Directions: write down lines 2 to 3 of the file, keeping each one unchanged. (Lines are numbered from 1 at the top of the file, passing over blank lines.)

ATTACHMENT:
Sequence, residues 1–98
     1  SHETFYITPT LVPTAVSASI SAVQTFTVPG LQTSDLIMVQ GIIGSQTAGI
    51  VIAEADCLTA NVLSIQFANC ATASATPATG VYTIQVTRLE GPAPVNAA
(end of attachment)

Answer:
     1  SHETFYITPT LVPTAVSASI SAVQTFTVPG LQTSDLIMVQ GIIGSQTAGI
    51  VIAEADCLTA NVLSIQFANC ATASATPATG VYTIQVTRLE GPAPVNAA